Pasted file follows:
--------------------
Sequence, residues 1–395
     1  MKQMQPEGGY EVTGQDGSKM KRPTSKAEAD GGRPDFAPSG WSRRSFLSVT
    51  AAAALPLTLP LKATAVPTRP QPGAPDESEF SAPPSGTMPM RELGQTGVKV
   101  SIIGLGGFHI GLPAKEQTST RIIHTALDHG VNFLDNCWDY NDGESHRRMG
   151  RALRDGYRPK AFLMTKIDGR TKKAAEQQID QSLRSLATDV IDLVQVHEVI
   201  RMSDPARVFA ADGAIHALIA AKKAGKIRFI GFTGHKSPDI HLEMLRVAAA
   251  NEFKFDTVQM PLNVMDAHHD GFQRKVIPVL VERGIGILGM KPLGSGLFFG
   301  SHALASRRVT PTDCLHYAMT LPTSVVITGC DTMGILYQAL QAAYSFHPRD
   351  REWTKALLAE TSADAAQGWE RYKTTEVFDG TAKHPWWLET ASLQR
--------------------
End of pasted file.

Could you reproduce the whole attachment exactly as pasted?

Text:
Sequence, residues 1–395
     1  MKQMQPEGGY EVTGQDGSKM KRPTSKAEAD GGRPDFAPSG WSRRSFLSVT
    51  AAAALPLTLP LKATAVPTRP QPGAPDESEF SAPPSGTMPM RELGQTGVKV
   101  SIIGLGGFHI GLPAKEQTST RIIHTALDHG VNFLDNCWDY NDGESHRRMG
   151  RALRDGYRPK AFLMTKIDGR TKKAAEQQID QSLRSLATDV IDLVQVHEVI
   201  RMSDPARVFA ADGAIHALIA AKKAGKIRFI GFTGHKSPDI HLEMLRVAAA
   251  NEFKFDTVQM PLNVMDAHHD GFQRKVIPVL VERGIGILGM KPLGSGLFFG
   301  SHALASRRVT PTDCLHYAMT LPTSVVITGC DTMGILYQAL QAAYSFHPRD
   351  REWTKALLAE TSADAAQGWE RYKTTEVFDG TAKHPWWLET ASLQR